What were the key roles (teacher, student, management team etc.) within the project?
Managers and process facilitators.
What ideas, tools, theories, models, methodology (etc.) have been used to reach the goals?
The didactic idea of the course is to mix theoretical content with personal experience (through exercises and reflections) and structured conversations with colleagues to simultaneously teach the subject matter and give tools on how to carry this knowledge to their respective work places. We use the methodology commonly used in schools today of flipped classroom, drama pedagogy, formative assessment and cooperative learning.
What are the final revenues of the project?
The project is still ongoing.
Please describe if your project ensured its sustainability
If so, how did you ensure the short-term impact of the project?
The competence is transferred into the schools by the train-the-trainer model.
And how did you ensure the long-term impact of the project?
By securing the role of the process facilitators and by expanding the target group to include school leaders and HR specialists.
Has your project been replicated elsewhere?
Not to our knowledge
Please tell us about the resources used in this initiative
What was the budget for the initiative?
Cost of Staff (educators): 1,5 full-time staff = 750 000 SEK
Cost of Staff (participants): 5 days for 4 hours + study time = 40 hours/participant = 15 000 SEK/participant. 200 participants * 15 000 SEK = 3 000 000 SEK (already covered by the annual salary)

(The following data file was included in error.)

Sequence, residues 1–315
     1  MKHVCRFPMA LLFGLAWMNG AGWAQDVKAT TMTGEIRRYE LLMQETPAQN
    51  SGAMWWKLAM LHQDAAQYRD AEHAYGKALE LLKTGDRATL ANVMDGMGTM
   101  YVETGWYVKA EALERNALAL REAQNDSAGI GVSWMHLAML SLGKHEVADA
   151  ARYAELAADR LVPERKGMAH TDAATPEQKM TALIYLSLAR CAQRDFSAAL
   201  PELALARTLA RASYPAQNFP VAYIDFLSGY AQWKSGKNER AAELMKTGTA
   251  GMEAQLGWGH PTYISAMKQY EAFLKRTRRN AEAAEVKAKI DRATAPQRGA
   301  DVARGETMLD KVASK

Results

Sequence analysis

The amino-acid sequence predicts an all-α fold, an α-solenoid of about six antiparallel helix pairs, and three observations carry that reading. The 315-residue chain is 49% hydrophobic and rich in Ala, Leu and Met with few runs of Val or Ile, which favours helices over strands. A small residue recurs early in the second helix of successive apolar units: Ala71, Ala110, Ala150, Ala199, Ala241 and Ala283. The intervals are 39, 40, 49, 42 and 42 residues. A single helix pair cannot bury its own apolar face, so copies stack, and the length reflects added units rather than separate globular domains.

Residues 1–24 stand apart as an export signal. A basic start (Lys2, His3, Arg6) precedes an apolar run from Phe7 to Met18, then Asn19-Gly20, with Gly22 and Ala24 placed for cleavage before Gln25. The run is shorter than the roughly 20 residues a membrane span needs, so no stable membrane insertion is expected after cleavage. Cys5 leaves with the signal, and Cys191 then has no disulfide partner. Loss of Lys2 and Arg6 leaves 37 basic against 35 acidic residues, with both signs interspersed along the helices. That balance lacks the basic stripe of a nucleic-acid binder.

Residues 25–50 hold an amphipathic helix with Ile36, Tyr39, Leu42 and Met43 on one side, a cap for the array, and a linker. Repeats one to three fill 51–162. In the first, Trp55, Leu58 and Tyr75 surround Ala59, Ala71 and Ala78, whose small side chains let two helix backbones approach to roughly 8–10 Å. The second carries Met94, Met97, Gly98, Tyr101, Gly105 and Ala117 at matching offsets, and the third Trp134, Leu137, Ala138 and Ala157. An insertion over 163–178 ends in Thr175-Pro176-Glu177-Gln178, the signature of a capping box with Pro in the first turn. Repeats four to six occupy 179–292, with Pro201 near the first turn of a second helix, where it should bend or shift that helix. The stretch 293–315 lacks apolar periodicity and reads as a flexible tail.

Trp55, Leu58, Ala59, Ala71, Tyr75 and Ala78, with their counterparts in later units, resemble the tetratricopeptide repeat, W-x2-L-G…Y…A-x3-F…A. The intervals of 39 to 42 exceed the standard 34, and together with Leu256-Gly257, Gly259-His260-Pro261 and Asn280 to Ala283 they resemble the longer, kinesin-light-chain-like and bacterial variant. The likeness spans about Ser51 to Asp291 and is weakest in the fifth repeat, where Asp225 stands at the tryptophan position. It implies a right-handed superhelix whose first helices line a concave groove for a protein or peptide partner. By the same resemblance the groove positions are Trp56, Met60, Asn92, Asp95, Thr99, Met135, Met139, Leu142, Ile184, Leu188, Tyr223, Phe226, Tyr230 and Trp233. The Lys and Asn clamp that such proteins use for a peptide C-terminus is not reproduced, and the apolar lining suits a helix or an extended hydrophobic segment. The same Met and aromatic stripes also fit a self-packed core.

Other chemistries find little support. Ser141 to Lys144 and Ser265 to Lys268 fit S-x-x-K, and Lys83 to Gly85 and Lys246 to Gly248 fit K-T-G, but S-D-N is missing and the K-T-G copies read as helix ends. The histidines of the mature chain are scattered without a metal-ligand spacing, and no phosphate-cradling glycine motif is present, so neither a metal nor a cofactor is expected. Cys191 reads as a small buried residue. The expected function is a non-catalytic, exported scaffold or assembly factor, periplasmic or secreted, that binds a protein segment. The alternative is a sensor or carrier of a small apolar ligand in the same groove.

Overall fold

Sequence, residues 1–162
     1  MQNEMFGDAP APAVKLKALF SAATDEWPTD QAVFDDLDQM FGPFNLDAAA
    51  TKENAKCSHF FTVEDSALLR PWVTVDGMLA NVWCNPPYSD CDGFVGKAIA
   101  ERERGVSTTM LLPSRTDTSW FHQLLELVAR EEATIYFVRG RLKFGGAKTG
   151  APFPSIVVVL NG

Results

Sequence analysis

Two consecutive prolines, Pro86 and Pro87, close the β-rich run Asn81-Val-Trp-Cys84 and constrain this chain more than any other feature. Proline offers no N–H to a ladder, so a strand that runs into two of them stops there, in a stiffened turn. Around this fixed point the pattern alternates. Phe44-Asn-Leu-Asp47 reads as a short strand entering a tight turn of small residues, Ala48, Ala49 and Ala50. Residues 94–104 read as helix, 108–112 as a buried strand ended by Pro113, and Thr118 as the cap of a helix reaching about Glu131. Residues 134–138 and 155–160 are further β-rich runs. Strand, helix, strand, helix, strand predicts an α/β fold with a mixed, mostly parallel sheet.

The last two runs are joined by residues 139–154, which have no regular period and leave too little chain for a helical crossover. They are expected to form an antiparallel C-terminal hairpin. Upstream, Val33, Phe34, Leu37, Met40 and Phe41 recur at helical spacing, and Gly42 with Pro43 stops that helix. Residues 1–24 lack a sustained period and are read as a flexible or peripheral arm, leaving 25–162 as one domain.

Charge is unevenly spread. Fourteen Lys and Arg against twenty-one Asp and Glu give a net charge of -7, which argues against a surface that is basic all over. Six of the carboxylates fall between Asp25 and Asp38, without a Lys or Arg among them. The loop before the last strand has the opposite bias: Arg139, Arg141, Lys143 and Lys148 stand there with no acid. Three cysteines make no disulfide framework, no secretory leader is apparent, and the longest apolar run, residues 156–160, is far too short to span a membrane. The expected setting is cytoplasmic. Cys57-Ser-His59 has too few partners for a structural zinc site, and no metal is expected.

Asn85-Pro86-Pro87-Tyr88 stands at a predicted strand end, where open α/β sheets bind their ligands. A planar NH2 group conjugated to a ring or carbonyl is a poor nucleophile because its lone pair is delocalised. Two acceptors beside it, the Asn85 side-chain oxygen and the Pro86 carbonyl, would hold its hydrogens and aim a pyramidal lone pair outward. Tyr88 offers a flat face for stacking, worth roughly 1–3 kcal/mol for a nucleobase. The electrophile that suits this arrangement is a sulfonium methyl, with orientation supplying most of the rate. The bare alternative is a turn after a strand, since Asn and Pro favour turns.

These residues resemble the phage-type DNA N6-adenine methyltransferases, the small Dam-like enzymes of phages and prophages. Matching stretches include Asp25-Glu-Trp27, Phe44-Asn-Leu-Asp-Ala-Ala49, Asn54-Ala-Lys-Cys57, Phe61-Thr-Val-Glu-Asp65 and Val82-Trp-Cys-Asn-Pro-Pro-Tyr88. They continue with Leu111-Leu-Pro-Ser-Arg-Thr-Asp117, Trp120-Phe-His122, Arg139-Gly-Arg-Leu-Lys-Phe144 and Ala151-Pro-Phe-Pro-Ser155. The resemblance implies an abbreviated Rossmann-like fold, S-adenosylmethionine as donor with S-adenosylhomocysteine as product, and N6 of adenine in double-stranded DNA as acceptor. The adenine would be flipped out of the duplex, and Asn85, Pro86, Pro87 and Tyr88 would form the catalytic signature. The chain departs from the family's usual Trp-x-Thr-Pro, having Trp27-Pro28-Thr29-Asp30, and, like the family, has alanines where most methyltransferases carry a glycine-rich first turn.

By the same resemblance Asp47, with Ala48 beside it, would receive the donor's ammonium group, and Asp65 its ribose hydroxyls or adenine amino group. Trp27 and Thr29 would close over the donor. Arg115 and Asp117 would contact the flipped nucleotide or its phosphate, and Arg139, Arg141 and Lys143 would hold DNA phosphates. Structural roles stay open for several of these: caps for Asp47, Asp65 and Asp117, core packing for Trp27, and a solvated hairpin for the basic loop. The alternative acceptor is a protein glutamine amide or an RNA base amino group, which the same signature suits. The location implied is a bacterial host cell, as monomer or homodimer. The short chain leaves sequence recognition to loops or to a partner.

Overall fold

Literature: App 500 SEK/participant = 10 000 SEK
Total: 3 760 000 SEK
How much did the initiative depend on volunteers?
Nothing at all
How were the costs perceived by the public/the sector/other stakeholders?
The costs are not very known so this is difficult to comment.
To what extent did the initiative achieve its objectives?
Please describe the evidence to support the success of your initiative.
The evaluation from teachers tells us that the education is responding to their perceived needs.
Did the intervention lead to any unintended (positive) outcomes?
Better communication within groups of staff, a shared language.
What indicators (quantitative and qualitative) have you measured to demonstrate success?
The project is ongoing and has not yet been fully evaluated. A bigger evaluation will be done in 2019.
(Appendix) How did you evaluate/monitor this intervention?
Each session is evaluated. The project as such is evaluated by an ongoing dialogue together with a group of researchers.